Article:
4. Is there any regular maintenance required? Cleaning the panels might be required occasionally. However, as long as it rains every once in a while, then nothing extra is needed.
  5. Why does Oncor provide incentives? As the regulated part of the transmission and distribution utility that serves much of North Texas, Oncor is required by the Texas Public Utility Commission to control costs of their utility grid elements. One way to do this is to reduce the growth in demand of electricity usage. Oncor accomplishes this by incentivizing energy efficiency and distributed generation renewable energy. (Note – continued growth in demand results in Oncor having to spend more money on upgrades and expanded maintenance).  Incentives are short term spending investments resulting in long term benefits.
  6. Why is there a Federal Investment Tax Credit (ITC)? The Federal ITC encourages the use of renewable energy, including solar energy to accomplish longer term benefits to our country. Like the home mortgage deduction promotes and encourages people to make long term investments in their homes, the Federal ITC promotes and encourages people to make long term investments in renewable energy.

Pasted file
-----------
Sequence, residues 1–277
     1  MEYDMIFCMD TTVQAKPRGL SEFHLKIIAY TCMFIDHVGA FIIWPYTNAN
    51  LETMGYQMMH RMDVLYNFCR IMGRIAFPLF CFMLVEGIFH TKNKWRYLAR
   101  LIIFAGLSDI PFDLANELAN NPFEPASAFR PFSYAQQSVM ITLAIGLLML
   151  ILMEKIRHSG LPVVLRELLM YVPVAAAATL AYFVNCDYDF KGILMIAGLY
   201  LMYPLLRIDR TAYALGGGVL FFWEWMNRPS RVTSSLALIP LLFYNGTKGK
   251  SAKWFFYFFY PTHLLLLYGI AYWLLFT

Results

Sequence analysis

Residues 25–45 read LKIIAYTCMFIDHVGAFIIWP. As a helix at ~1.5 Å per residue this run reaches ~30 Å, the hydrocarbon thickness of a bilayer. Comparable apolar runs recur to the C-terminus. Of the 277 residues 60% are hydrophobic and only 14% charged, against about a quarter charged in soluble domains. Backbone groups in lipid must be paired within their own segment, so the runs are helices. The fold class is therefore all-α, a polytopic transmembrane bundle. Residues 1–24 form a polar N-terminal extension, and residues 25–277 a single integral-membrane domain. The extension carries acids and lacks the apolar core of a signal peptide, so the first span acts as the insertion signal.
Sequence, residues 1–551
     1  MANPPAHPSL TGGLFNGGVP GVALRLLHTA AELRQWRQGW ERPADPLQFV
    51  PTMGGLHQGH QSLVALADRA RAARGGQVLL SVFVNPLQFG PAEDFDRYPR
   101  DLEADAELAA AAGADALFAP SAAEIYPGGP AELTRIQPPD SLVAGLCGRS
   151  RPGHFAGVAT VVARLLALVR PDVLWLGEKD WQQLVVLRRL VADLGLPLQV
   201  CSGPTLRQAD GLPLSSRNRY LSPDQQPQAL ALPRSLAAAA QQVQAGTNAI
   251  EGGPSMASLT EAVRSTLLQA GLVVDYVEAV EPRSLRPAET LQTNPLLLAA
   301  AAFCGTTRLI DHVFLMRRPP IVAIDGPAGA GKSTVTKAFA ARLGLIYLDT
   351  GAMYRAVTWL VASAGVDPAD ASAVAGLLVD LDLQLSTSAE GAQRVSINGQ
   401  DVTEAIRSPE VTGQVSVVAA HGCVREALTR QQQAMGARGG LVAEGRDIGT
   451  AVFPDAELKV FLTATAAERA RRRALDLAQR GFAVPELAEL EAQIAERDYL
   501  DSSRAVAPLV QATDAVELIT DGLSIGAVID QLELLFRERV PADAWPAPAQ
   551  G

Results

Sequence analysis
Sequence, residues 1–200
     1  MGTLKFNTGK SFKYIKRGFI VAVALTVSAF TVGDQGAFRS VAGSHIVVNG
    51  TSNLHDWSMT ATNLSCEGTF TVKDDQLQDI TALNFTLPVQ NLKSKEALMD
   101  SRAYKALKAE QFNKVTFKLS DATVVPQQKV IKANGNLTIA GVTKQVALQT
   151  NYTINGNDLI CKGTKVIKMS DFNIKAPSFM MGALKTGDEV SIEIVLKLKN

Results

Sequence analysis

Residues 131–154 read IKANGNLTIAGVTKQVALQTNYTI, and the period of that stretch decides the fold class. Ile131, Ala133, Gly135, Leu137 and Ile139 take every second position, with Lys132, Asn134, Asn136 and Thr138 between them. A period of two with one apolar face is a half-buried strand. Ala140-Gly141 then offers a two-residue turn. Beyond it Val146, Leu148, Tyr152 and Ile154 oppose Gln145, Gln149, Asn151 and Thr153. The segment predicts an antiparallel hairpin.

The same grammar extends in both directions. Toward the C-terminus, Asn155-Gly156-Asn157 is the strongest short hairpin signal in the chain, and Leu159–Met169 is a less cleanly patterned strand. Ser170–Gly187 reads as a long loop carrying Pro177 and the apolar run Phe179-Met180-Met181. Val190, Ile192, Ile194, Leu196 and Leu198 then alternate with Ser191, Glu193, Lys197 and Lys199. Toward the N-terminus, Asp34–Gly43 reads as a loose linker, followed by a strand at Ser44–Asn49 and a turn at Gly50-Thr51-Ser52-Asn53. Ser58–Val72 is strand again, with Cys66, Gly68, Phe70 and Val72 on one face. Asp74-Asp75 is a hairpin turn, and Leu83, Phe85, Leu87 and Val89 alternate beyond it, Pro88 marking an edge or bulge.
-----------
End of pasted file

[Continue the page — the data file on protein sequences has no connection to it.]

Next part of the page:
7. Is there a Texas property tax exemption? Texas provides a property tax exemption for solar PV systems. Search for exemption form 50-123 Exemption Application for Solar or Wind-Powered Energy Devices. However, so far (as of mid-2014), the county tax appraisal offices are not yet appraising and adding the value of the systems to the property tax roles. Therefore, our recommendations going forward are as follows:
  1. Every year when you receive your property tax notice in late spring, see if they have changed your property tax appraised value. If so, log onto the county website and see if the change was due to them adding an "improvement" to the property related to the addition of your solar PV system.  If so, then file for the exemption.  If no addition was made for the solar PV system, then do nothing.
  2. Repeat above step annually.